What’s simple to make in CAD hasn’t always been easy to manufacture by traditional methods, but the waterjet has changed the rules somewhat—and some of Baytown’s work illustrates the point. Consider first the precision blade mount shown in Figure 5. The component has a progressively changing radius on its edge, designed to weld to a round impeller hub. The bevel angle actually reverses completely from one side of the part to the other. This is easy to draw in CAD—Baytown uses FlowXpert™, a CAD package that takes the waterjet stream’s characteristics into account. Regardless, the part would have been a bear to manufacture to precision tolerances without developing some complex fixturing and placing the part on a mill.
Without the waterjet, “I would have had to purchase a waterjet-cut part with the holes already cut, and then clamp the piece at an angle to mill a radius on the edge,” Kubik said.
To create this part, the CAD technician created a rectangle, entered the required dimensions, and used the Pull tool to drag the drawing to the proper thickness. Then a cylindrical solid was created with the same OD as the impeller hub and rotated to the desired angle, passing it through the rectangular solid. The Cut tool then was used to delete the cylinder and “excess” material from the drawing. The part took a few minutes to draw in CAD and 8 minutes to cut on the waterjet.
If a thick plate requires complex bevels, like the compound K bevels found in Figure 6, the milling route usually is the only practical option, which can take hours. But managers at Baytown found they could cut this piece on the waterjet.
The part in the figure, a weldment clip that’s used in a variety of industries, is made of carbon steel, but it also can be made from HASTELLOY or stainless steel. In CAD, a technician selected the rectangle icon, entered the dimensions, and then used the point-and-click Pull tool until it was the correct thickness. The K bevel was drawn by selecting the upper edge and then using the Pull tool with the Chamfer option, indicating the size of the chamfer desired. The same was done for the lower edge.
The finished file had three solids sequenced to cut the bottom bevel first, then the flat side, and finally the upper bevel. To create the bevel on the right that blends to a sharp point, the technician split the solid into two pieces by creating a plane and placing it at the point where the chamfered edge stopped. That chamfered edge portion was created by using the Pull tool, again with the Chamfer option selected. The two solids were combined back together, resulting in the chamfer ending in a sharp corner. The sharp corner was then pulled into the proper shape using the same Pull tool, but this time with the Fillet option selected.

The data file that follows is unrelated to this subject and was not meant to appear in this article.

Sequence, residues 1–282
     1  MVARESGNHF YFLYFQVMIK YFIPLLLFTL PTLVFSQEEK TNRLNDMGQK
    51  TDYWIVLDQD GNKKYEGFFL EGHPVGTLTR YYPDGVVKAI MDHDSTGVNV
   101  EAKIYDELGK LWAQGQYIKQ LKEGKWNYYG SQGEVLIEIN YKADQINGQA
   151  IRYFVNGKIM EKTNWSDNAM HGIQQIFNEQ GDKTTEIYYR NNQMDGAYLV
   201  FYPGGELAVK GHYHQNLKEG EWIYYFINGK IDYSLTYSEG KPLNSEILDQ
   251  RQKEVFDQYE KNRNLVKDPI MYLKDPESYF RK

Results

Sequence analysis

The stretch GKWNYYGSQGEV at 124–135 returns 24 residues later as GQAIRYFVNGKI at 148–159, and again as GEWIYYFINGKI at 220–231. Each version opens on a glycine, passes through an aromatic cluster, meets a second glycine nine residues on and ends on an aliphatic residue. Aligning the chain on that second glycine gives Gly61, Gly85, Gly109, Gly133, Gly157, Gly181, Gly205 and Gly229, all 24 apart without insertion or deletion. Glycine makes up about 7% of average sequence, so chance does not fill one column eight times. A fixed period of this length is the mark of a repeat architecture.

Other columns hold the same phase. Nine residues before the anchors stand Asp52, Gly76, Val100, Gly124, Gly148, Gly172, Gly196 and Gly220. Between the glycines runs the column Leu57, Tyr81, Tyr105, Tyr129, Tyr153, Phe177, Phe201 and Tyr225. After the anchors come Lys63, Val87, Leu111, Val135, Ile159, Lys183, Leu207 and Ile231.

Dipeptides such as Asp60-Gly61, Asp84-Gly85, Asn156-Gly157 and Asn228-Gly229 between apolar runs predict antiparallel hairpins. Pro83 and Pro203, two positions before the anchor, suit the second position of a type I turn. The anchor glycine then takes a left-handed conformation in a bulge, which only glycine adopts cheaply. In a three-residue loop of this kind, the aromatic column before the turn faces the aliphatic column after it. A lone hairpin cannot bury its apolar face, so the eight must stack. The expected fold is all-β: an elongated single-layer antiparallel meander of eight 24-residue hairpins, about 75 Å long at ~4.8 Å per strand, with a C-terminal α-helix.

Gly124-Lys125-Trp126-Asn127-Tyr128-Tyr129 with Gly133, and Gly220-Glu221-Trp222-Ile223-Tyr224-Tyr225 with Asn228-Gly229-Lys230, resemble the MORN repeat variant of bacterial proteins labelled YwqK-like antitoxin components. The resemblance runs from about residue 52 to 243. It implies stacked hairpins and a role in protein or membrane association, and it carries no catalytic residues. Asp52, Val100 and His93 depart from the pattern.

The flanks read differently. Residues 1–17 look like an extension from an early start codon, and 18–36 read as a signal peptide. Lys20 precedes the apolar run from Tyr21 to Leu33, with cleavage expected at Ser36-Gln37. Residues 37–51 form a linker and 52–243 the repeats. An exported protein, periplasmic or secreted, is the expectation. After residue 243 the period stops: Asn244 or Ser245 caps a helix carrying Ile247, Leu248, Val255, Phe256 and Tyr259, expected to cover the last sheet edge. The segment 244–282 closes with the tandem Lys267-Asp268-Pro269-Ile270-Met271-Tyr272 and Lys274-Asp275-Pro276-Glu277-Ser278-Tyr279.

Total cutting time for the HASTELLOY version of this 6- by 6- by 1-in. part was 32 minutes.
Finally, consider the 1.5-in.-thick carbon steel flange with two angled holes shown in Figure 7. The holes allow pipes to enter at an angle. The customer sent Kubik the flanges with the location of the hole marked, along with a drawing that indicated the desired angle. The CAD technician used the Circle tool to draw the hole cutouts, then the Move tool to rotate them to the desired angle, per the drawing. Altogether, it took 15 minutes to draw.
Kubik estimated that fixturing and cutting those holes at an angle on a horizontal boring mill probably would have taken three hours per flange. But today the waterjet operator fixtures the part, uses a laser edge finder to ensure the cutting head is properly lined up, and starts cutting. He’s finished in 11 minutes, less time than it took to draw the part in CAD.
The FABRICATOR® is North America's leading magazine for the metal forming and fabricating industry. The magazine delivers the news, technical articles, and case histories that enable fabricators to do their jobs more efficiently. The FABRICATOR has served the industry since 1971. Print subscriptions are free to qualified persons in North America involved in metal forming and fabricating.